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  • bluebird bio provides updated findings from report...

bluebird bio provides updated findings from reported case of AML in LentiGlobin for sickle cell disease gene therapy program.

Read time: 3 mins
Published:11th Mar 2021
bluebird bio, Inc. announced that based on the analyses completed to date, it is very unlikely the Suspected Unexpected Serious Adverse Reaction (SUSAR) of acute myeloid leukemia (AML) reported in its Phase 1/II (HGB-206) study of LentiGlobin gene therapy for sickle cell disease (SCD) (bb1111) was related to the BB305 lentiviral vector (LVV). “In addition to our earlier findings of several well-known genetic mutations and gross chromosomal abnormalities commonly observed in AML in this patient, our latest analyses identified the integration site for the vector within a gene called VAMP4. VAMP4 has no known association with the development of AML nor with processes such as cellular proliferation or genome stability. Moreover, we see no significant gene misregulation attributable to the insertion event,” said Philip Gregory, chief scientific officer, bluebird bio. “In totality, the data from our assessments provide important evidence demonstrating that it is very unlikely our BB305 lentiviral vector played a role in this case and we have shared with the FDA that we believe these results support lifting the clinical holds on our ?-thalassemia and sickle cell disease programs.” As reported by bluebird bio on February 25, 2021, laboratory analyses showed that this patient had significant chromosomal abnormalities and mutations in genes typically associated with the development of AML. Specifically, mutations in the RUNX1 and PTPN11 genes have been detected in the leukemic cells of this patient. Preliminary findings suggested that the BB305 LVV vector was present in the AML blast cells, but there was not sufficient information to determine causality. Since then, and with the advice of several independent leading academic experts in lentiviral vector gene therapy, bluebird bio has performed additional scientific assessments to determine where in the genome the LVV insertion occurred, and if this integration was responsible for any change in gene regulation or gene expression nearby. Multiple independent analyses have confirmed that vector insertion in the AML cells from this patient took place in the VAMP4 gene, or vesicle-associated membrane protein 4. VAMP4 itself has no known role in the development of AML or with any cellular process related to cancer. bluebird bio also assessed if there was any disruption to normal gene regulation or gene expression in and around the site of vector insertion. Based on completed analyses, the insertion into the VAMP4 gene has had no impact on gene expression or gene regulation nor caused any disruption of nearby genes. Based on the available results to date, bluebird bio believes that the case of AML is very unlikely related to the BB305 LVV. Given this, the company has initiated engagement with regulators to begin the process of resuming clinical studies for sickle cell disease and ?-thalassemia. A second SUSAR of myelodysplastic syndrome (MDS) in a patient from Group C of HGB-206 was reported in early February and is currently being investigated to determine if the clinical findings meet the criteria to be classified as a case of MDS and, if so, if LentiGlobin for SCD had any role. The MDS diagnosis was based on prolonged anemia following LentiGlobin for SCD infusion coupled with the observation of trisomy 8 in a small percentage of the patient’s bone marrow cells. However, no blasts or dysplastic cells were seen in an examination of the patient’s bone marrow, and while trisomy 8 is associated with myeloid malignancies, this finding is not sufficient for a diagnosis of MDS in the absence of blasts or dysplastic cells. Regulatory Status : The FDA has placed a clinical hold on the HGB-206 and HGB-210 studies of LentiGlobin for SCD and the HGB-207 and HGB-212 studies of betibeglogene autotemcel for ?-thalassemia. The company is in dialogue with the FDA in order to resume all clinical studies currently on clinical hold.An Article 20 referral procedure was triggered by the European Commission (EC) and will be conducted by the European Medicines Agency (EMA). The EMA’s Pharmacovigilance Risk Assessment Committee (PRAC) will begin the process of reviewing the benefit/risk of Zynteglo (betibeglogene autotemcel) for the treatment of transfusion-dependent ?-thalassemia, during its March 8 – 11 session. The committee will determine whether any additional pharmacovigilance measures are necessary. The EMA has paused the renewal procedure for Zynteglo's conditional marketing authorization (CMA) while the PRAC review is ongoing. No cases of hematologic malignancy have been reported in any patient who has received treatment with betibeglogene autotemcel for transfusion-dependent ?-thalassemia, however because it is also manufactured using the same BB305 LVV used in LentiGlobin for SCD, the company decided to temporarily suspend marketing of Zynteglo while the AML case is assessed.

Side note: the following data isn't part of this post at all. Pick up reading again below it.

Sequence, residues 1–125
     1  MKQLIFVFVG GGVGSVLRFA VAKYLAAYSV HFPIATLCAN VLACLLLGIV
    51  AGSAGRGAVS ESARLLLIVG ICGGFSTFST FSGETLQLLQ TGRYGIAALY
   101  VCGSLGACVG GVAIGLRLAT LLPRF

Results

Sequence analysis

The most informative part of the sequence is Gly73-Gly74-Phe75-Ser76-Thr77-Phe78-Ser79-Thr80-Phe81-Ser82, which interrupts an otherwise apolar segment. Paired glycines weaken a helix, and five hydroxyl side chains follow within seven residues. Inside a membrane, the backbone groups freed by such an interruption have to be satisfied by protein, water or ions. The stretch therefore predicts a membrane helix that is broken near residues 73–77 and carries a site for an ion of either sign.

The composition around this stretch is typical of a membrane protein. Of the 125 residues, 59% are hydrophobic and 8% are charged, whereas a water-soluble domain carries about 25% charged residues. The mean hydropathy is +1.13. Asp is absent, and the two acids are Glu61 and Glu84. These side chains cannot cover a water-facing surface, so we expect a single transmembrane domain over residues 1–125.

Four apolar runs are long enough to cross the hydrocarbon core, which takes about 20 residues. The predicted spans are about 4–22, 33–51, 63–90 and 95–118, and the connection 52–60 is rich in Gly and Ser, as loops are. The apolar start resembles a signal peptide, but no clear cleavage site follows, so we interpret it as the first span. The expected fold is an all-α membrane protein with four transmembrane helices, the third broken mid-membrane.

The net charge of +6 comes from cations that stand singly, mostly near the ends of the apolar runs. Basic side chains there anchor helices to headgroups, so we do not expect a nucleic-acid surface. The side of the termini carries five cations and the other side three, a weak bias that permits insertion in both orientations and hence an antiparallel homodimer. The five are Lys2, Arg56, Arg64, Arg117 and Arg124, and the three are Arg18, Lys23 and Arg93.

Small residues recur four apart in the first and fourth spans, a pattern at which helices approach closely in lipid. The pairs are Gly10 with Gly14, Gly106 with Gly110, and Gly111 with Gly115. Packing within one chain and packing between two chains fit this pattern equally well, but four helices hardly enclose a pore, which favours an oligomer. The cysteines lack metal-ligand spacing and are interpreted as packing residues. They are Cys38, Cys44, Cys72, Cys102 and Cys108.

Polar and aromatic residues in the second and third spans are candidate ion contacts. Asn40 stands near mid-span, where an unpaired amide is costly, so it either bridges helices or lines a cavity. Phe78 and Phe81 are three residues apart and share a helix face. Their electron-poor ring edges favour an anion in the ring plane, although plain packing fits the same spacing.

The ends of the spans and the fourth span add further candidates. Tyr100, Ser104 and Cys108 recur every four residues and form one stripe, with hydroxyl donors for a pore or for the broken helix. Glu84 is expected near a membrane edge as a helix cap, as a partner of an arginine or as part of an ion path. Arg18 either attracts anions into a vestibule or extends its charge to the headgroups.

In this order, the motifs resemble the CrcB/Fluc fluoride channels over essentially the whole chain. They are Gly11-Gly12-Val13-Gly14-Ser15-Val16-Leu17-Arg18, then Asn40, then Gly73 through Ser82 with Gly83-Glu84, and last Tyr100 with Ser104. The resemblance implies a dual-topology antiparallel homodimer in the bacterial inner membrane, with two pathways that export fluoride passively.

Condition: Sickle Cell Disease
Type: drug

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